Using Gibberellic Acid in California Citrus

Josh McGillCalifornia Corner, PGRs

Craig Kallsen, University of California Agriculture and Natural Resources (UCANR) citrus and pistachio farm advisor for Kern County, offered suggestions for the use of gibberellic acid (GA3) on citrus in the San Joaquin Valley. Highlights follows:

Gibberellic Acid
  • Late September to mid-October was found to be the best time to apply GA3 to navels for reducing puff and crease and rind staining and for maintaining a more juvenile rind longer. Applying the GA3 two weeks before the fruit begins to change color from green to orange (called “color break”) remains a handy rule-of-thumb.
  • Treating with an auxin (an isopropyl ester of 2,4-D is registered for this purpose) in November or early December is necessary if fruit is treated with GA3. The auxin prevents fruit from dropping too early.
  • Uptake of GA3 by the peel is improved if the spray solution is acidic. A pH of about 4 to 5 is recommended. Several acidifying agents and products are available to accomplish this.
  • Growers have obtained good results with GA3 applications using the labeled rates on a weight-of-product-per-acre basis using dilute or concentrated sprays. Good spray coverage of the fruit is essential, and better coverage is more likely with higher spray volumes.
  • It’s common for a Kern County navel grower to report a significant drop of fruit and leaves as a result of a GA3 spray. Usually in these cases, GA3 was sprayed within a week or two of a narrow-range oil spray. Erring on the side of caution suggests avoiding spraying petroleum oils and GA3 within a few weeks of each other.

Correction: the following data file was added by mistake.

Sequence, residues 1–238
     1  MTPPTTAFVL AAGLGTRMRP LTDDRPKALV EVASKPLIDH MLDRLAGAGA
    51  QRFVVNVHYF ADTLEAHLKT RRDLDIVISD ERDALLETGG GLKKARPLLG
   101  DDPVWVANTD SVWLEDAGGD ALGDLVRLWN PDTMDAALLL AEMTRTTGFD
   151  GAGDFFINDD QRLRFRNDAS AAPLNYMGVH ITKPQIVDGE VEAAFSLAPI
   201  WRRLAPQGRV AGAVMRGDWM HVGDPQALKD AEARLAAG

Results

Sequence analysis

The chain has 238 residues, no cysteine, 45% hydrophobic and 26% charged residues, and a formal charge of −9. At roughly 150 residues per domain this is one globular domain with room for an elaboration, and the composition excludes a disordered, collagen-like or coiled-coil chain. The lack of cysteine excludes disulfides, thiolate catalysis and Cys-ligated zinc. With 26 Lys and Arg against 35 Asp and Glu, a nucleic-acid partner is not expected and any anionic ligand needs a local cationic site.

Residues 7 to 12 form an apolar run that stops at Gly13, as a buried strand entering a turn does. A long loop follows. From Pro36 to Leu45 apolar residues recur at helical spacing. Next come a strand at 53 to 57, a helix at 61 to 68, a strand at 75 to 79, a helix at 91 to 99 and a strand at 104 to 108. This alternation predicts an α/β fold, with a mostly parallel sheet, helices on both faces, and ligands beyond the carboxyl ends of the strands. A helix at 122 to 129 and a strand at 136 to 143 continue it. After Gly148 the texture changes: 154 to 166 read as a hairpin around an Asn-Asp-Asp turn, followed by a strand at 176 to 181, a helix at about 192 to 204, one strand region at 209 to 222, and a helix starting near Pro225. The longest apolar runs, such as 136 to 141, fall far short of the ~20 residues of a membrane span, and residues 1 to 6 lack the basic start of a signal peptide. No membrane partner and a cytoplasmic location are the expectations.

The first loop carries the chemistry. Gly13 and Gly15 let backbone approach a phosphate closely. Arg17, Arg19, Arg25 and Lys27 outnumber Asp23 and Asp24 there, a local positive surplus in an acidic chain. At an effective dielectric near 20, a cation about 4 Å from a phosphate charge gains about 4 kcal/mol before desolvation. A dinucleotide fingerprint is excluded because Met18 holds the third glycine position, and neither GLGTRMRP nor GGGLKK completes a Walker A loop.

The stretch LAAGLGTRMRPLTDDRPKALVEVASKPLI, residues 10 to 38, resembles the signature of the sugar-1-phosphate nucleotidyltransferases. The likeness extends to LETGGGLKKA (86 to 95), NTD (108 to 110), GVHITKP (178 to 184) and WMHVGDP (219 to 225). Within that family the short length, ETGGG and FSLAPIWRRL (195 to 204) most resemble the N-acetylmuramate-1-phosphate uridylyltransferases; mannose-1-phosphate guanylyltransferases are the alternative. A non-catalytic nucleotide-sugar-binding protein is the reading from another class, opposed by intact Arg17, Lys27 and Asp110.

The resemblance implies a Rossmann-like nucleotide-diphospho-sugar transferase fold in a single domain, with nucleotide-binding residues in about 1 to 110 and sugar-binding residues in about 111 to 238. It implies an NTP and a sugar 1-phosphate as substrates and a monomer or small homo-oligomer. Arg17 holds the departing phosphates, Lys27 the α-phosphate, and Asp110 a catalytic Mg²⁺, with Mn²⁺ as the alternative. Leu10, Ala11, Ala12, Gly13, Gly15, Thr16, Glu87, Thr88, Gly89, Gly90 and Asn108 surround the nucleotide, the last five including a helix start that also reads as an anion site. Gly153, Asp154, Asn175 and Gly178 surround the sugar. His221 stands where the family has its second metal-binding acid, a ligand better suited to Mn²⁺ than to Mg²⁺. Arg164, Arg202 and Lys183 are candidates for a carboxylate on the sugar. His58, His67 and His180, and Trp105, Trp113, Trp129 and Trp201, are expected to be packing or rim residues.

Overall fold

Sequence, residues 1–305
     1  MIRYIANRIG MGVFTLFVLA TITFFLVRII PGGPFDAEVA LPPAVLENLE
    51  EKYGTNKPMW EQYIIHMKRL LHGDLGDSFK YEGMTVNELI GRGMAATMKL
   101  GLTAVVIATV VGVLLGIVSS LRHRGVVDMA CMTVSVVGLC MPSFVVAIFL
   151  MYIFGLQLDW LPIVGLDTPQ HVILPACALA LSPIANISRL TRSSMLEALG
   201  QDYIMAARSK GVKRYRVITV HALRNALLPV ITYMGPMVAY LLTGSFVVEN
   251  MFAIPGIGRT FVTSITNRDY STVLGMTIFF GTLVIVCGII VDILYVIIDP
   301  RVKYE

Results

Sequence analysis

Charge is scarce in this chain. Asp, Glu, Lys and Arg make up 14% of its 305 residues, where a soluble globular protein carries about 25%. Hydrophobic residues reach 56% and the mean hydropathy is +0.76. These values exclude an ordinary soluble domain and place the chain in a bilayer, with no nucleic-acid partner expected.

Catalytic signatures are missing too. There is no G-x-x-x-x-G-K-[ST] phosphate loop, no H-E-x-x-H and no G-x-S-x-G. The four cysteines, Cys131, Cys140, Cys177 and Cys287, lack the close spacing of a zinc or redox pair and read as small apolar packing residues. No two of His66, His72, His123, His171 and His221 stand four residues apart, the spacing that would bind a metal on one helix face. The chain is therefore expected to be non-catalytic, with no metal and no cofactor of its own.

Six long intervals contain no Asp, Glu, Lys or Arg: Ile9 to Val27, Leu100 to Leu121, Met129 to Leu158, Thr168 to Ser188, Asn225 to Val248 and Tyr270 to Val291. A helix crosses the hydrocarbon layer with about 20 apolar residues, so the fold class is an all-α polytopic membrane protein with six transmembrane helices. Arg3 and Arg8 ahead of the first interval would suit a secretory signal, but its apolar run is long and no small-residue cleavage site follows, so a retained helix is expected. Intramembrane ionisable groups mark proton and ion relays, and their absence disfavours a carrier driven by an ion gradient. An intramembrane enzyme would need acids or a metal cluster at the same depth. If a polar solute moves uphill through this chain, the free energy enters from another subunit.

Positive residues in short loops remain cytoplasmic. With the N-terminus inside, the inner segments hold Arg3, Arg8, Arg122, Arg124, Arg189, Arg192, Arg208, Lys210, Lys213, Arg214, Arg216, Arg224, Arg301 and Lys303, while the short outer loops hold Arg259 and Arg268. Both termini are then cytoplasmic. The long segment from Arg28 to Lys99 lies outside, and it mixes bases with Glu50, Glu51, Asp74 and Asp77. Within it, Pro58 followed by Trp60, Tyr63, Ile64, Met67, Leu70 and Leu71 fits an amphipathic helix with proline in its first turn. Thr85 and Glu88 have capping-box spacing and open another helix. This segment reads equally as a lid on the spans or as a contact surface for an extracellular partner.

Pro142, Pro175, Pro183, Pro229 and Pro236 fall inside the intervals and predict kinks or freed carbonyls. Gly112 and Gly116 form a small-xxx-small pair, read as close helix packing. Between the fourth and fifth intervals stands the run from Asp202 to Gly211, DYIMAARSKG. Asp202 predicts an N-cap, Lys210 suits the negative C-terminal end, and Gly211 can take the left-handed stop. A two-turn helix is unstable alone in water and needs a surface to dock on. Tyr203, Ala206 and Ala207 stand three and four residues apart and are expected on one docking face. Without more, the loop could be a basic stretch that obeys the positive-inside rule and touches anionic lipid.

• GA3 works best on blocks of fruit that normally hold well on the tree. A good strategy is to harvest blocks that are prone to early rind breakdown first and to treat only blocks where the fruit naturally holds longer with GA3.
  • Sometimes fruit does not grow as quickly as a grower would like, and a block that was scheduled for an early or mid-season harvest may be rescheduled for a late-season harvest. GA3 applications can still delay harvest if treated later than October. Do not apply GA3 to fruit that is in the process of changing color because a permanently two-tone fruit may result. If the fruit is in the process of changing color, wait until the fruit has turned completely orange and then apply GA3.
  • Late-maturing navels are not as likely to require the addition of gibberellic acid and 2,4-D to produce high-quality fruit late in the season.

See Kallsen’s full article on gibberellic acid use here.

Source: UCANR

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